"They are going to have a lot of people saying they don't want to take the vaccine and it's a pain in the neck to get tested every week," Gov. Andrew Cuomo said on Monday, as he thanked the chairman of the MTA and the executive director of the Port Authority for making the decision to mandate shots or testing.
"The new vaccine and testing mandate is being introduced to make sure that our employees are protected as possible against the delta variant, as the city and region's recovery picks up speed," MTA Chair Janno Lieber said.
The union representing public transit workers isn't showing any pushback.
"We strongly believe everyone should get vaccinated. It's the best way to protect yourself and your loved ones. Anyone who has concerns, should ask their doctor for advice," TWU Local 100 President Tony Utano said in a statement. "We will continue to urge members to get the shot and will work with the MTA to ensure testing options are widely available at work sites."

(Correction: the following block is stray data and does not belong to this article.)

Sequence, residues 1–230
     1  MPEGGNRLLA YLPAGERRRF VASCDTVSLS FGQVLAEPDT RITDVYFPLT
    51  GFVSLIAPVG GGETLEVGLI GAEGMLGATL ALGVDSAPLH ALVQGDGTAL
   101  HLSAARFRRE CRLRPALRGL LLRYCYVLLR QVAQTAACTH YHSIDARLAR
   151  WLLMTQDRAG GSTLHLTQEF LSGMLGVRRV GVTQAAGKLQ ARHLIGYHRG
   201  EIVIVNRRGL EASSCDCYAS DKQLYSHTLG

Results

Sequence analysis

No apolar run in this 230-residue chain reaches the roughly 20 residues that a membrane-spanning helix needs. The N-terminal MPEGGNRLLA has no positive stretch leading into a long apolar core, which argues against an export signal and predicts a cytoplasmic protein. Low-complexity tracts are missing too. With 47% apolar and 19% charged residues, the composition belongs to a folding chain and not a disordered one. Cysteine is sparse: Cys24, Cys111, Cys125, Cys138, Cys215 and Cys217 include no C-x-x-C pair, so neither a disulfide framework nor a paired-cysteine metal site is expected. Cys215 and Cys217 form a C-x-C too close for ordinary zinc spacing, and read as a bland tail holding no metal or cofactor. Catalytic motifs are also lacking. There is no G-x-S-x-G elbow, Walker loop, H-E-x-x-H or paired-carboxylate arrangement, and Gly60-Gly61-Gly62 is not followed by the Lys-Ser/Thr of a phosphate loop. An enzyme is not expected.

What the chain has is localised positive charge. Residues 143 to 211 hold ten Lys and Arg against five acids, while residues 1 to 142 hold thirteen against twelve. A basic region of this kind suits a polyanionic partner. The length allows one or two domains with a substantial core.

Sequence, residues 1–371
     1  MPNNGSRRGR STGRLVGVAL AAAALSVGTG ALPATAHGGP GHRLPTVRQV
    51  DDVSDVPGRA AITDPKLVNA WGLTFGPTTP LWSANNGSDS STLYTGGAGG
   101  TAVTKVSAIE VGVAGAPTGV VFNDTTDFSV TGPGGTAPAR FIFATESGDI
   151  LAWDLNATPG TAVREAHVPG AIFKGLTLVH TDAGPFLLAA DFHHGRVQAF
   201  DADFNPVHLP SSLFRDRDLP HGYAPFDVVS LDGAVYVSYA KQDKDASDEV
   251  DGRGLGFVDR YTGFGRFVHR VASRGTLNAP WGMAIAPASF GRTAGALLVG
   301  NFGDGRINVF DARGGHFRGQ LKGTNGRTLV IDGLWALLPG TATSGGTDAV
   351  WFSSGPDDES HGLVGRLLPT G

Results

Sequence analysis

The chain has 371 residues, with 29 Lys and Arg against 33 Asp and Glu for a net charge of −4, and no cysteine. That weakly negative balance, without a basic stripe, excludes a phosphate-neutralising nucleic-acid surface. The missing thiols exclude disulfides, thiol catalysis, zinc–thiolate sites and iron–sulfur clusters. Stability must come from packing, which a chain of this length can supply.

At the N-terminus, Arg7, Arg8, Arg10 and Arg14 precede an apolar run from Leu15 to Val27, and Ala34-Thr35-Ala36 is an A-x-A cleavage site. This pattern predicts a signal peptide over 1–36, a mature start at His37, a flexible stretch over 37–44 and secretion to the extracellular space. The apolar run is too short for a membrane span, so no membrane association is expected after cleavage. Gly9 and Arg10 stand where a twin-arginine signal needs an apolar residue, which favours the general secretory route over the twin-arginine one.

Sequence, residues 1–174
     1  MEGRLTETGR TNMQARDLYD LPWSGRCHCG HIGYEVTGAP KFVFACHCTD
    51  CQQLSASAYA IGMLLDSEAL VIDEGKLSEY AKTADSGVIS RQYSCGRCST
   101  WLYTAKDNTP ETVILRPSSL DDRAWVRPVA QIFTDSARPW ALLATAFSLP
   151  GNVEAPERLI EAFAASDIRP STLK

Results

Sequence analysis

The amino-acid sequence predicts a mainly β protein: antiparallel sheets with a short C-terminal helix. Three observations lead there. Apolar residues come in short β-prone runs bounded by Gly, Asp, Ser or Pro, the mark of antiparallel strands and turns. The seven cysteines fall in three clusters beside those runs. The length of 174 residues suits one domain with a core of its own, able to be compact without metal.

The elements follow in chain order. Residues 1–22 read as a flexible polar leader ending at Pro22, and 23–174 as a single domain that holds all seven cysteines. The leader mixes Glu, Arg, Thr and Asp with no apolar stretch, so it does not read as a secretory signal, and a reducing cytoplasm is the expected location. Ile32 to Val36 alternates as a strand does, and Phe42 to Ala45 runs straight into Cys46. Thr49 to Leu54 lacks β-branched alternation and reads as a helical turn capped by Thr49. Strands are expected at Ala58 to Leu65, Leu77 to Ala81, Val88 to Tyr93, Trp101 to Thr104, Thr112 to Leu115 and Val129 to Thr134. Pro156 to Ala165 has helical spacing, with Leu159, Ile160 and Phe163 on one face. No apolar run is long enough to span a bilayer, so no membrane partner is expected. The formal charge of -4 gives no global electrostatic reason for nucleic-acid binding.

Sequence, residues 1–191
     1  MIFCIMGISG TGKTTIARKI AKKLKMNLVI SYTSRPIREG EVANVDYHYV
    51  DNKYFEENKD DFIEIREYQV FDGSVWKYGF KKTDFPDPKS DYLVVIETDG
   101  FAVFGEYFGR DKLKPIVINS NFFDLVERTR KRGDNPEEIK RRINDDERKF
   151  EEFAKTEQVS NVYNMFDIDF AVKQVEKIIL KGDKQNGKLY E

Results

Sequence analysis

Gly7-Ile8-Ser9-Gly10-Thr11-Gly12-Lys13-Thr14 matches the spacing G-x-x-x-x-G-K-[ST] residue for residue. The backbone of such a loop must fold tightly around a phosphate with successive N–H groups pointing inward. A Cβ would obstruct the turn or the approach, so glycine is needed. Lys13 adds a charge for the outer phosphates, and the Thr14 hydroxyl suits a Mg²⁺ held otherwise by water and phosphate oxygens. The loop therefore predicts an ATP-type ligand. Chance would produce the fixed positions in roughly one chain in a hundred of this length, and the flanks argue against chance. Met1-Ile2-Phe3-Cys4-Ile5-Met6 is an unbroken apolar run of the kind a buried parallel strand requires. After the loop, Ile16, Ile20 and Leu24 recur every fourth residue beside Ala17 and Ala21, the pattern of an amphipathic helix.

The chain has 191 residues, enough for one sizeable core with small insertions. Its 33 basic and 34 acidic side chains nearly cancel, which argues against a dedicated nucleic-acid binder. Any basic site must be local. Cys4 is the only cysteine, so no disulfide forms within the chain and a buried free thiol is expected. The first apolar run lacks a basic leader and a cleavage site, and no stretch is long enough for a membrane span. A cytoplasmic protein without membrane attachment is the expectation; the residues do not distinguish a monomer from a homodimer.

In the city, Mayor Bill de Blasio started his daily briefing right as Cuomo's was ending. The city just hit an important milestone — 10 million vaccine doses administered as the $100 incentive program at city-run vaccination sites continues. There are also strong new requirements for new hires in the city.
"Effective immediately, every single new person hired by the City of New York, before they report to work, they must provide proof of vaccination," de Blasio said. "Every new employee must provide proof of vaccination or they cannot start their new job. Period."
As we approach the fall, this is the last week for kids 12 and older to get fully vaccinated by the first week of school. Schools Chancellor Meisha Ross Porter called on all eligible students to get their shots.
De Blasio is also joining the city's health commissioner in urging all New Yorkers to put their masks back on indoors.
"Today I am making a strong recommendation that everyone, regardless of vaccination status, wear a mask in public indoor settings," Health Commissioner Dr. Dave Chokshi said. "This is based on our review of the latest scientific evidence, showing the delta variant of the coronavirus can spread even more easily than was previously thought."